This holiday season, the Wisconsin Department of Agriculture, Trade and Consumer Protection (DATCP) is reminding shoppers to make sure their gift purchases are not going to scammers.
“Every year we receive complaints from people who thought they were buying holiday presents but never got them,” said Lara Sutherlin, Administrator of DATCP’s Division of Trade and Consumer Protection. “It’s important for consumers to recognize how they can protect their holiday purchases from a scam.”
• Avoid suspiciously deep discounts or free offers, including social media posts or emails that offer these deals. If something seems too good to be true, it probably is.
• Verify websites before ordering. A quick internet search can help you verify the company’s information and find any warnings about their website.
• Check that you are using a secure website (“https” rather than “http”) before entering your password or any personal or banking information.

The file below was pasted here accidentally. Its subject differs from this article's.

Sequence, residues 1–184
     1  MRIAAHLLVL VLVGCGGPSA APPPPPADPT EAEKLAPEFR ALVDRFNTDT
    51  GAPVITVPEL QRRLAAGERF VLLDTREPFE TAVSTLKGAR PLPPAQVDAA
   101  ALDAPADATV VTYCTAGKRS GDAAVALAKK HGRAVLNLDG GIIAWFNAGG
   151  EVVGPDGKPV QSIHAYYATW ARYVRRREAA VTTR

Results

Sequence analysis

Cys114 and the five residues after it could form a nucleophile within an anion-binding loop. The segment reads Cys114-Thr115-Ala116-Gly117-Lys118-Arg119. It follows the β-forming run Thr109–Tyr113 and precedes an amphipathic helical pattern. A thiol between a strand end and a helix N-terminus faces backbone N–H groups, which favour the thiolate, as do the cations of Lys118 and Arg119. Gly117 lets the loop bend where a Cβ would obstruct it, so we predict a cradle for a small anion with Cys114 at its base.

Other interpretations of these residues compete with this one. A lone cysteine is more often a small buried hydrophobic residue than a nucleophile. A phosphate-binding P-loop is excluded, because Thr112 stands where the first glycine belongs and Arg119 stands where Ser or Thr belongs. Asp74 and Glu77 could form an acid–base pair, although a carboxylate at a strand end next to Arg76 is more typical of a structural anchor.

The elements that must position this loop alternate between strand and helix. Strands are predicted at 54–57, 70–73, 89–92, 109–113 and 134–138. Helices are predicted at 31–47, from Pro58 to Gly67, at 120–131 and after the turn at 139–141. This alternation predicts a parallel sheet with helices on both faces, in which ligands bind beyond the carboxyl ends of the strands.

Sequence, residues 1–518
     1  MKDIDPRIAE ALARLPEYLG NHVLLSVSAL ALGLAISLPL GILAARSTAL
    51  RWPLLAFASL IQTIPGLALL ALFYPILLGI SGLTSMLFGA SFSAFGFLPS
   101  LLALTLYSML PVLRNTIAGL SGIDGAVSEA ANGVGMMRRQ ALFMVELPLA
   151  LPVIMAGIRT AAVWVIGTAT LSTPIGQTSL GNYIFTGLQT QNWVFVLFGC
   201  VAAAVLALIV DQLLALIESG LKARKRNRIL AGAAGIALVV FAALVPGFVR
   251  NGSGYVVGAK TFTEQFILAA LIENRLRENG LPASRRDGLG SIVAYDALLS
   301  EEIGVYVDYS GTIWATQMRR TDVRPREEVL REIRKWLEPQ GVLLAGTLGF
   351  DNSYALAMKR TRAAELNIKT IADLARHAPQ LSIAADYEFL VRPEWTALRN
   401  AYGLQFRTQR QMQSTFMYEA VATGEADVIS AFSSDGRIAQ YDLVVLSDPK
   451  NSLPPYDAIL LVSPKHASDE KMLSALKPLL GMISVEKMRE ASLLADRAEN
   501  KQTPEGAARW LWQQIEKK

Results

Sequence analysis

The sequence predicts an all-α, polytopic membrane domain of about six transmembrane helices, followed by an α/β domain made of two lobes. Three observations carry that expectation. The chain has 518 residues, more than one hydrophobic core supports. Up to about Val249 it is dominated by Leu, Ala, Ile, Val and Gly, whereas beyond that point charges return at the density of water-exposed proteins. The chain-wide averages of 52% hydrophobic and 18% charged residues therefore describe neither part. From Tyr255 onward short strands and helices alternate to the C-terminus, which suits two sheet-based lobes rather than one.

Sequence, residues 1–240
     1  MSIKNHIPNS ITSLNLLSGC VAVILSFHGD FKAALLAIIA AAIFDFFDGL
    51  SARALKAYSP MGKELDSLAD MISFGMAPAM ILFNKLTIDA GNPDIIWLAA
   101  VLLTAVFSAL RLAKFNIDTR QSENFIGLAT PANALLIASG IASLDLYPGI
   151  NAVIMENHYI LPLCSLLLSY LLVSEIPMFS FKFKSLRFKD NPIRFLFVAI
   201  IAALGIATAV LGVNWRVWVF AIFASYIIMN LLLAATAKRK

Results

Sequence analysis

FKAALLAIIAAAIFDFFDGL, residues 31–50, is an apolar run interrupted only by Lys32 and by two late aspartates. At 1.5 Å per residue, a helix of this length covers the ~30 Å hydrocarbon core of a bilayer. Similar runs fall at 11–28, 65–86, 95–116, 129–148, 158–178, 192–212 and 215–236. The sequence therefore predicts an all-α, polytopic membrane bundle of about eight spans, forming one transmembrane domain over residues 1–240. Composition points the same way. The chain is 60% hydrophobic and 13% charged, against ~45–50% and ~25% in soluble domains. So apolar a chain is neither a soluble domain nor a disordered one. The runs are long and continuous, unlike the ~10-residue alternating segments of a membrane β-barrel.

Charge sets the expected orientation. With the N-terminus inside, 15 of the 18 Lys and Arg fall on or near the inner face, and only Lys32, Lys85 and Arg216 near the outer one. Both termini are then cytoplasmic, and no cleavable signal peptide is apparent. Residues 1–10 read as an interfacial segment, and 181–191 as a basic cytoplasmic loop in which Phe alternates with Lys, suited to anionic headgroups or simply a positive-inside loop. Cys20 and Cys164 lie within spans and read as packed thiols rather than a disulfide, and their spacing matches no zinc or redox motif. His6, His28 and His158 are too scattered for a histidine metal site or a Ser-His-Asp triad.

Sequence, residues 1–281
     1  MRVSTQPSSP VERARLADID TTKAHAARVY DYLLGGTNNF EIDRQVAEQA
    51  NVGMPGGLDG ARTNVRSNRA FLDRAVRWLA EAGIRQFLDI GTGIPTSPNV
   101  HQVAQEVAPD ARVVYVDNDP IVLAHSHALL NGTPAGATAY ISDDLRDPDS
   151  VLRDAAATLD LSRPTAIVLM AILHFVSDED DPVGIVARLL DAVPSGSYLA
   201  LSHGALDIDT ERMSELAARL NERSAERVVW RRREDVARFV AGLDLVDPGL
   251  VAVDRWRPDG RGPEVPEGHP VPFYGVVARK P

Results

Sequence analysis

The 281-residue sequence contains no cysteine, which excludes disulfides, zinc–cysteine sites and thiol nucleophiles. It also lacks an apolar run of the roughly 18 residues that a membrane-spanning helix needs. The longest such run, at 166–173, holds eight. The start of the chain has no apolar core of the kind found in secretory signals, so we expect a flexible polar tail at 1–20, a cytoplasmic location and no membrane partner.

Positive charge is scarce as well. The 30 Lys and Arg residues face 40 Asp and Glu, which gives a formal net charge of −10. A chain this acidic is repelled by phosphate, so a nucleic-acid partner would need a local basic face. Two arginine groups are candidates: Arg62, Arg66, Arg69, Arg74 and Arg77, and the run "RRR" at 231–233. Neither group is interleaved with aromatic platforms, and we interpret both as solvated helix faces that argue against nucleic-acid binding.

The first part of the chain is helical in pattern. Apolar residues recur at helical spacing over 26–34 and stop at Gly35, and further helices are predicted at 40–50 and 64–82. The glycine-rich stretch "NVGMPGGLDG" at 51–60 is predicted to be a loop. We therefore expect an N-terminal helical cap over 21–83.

• Pay by credit card. Federal law gives you the right to dispute charges if you report them to the credit card company within 60 days of receiving your statement.
• Keep a paper trail, and carefully review your credit card statements after the holidays for any unauthorized charges.
Buying Gift Cards – Watch for the following common gift card scams:
• Phony surveys that promise a free gift card in exchange for your personal information. Scammers sell your personal information and no gift card is ever sent.
• Unsolicited messages, such as email, text, social media or internet ads that promise a free gift card. Do not click on any links and delete the message.
• Online auction sites selling discounted or bulk gift cards. The cards may have been tampered with, have already been used, or expired.